The West

Burswood stadium parking battle rages
Artist's impression of proposed stadium at Burswood.

VIP and other premium ticketholders at the new Burswood stadium might have to park offsite at Belmont Park race course or the casino and be shuttled to the venue in buses as stadium planners grapple with a constricted local road network and shortfall of on site parking.

The stadium contains just 250 car parking bays in its basement with an additional 700 bays potentially available in the surrounding sporting precinct.

However, with the stadium set to feature as many as 8000 premium seats, representatives of WA's AFL clubs have told the Government's stadium steering committee they need much more parking onsite to attract sufficient VIP and premium ticket sales.

These customers are crucial because they will generate most of the revenue for the clubs.

Steering committee co-chair Richard Mann, of Treasury's Office of Strategic Projects, told a parliamentary committee today it was "no secret that football would like a significantly larger number of parking bays on site".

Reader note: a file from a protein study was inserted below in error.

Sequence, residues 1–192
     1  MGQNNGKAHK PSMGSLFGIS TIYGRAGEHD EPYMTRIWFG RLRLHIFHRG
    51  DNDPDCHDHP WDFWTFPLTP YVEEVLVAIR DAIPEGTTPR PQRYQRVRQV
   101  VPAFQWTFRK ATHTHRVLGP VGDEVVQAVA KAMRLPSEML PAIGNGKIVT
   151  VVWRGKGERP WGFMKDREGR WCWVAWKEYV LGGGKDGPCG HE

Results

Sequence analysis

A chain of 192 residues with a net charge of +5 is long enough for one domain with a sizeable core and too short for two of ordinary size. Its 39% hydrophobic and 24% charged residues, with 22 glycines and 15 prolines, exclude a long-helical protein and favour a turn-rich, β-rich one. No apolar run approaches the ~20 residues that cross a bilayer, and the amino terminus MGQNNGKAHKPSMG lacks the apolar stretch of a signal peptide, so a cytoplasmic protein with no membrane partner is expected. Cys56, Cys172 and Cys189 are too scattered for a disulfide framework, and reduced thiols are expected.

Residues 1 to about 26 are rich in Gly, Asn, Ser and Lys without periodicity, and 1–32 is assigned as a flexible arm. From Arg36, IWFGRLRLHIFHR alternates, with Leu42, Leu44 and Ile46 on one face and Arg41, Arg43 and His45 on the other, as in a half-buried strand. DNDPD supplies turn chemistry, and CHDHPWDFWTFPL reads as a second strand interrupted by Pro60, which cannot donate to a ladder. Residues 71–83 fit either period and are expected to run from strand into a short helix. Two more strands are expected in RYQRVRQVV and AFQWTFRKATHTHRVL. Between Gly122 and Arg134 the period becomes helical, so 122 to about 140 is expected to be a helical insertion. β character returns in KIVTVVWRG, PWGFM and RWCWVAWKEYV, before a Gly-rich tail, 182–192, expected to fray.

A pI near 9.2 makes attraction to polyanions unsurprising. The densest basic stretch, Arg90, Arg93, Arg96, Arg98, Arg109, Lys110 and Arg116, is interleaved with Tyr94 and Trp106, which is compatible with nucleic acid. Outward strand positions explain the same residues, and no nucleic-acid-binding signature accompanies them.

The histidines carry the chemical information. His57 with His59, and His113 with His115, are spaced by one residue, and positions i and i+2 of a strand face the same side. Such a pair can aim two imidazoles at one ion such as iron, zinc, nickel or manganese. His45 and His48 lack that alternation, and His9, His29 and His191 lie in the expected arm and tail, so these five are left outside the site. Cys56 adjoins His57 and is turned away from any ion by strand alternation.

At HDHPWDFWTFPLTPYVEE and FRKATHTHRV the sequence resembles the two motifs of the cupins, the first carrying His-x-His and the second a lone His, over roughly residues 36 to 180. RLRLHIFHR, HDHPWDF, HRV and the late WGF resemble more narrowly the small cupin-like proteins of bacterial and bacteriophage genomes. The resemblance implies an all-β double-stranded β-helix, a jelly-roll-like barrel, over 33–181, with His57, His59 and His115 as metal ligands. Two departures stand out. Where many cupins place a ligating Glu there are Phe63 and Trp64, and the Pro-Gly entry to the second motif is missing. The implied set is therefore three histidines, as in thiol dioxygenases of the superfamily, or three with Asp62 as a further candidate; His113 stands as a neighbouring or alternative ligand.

"From a planning perspective … it is undesirable to have a large number of people parking there," he said. "You would need to manage it for the public transport to work efficiently pre- and post-game.

"It also, on the road network, would cause significant problems, particularly on the Friday afternoon peak for Friday night games. "We are very keen to explore with football, particularly, solutions for using offsite parking for their premium product patrons."

Mr Mann said discussions would continue but it was "critical" for the success of the stadium that the public transport strategy was efficient.

The steering committee wants 83 per cent of people to arrive by public transport, compared to 61 per cent foreshadowed for Burswood in the 2007 Langoulant report and 40 per cent of people who currently use public transport to attend games at Paterson's Stadium in Subiaco.

The West Australian

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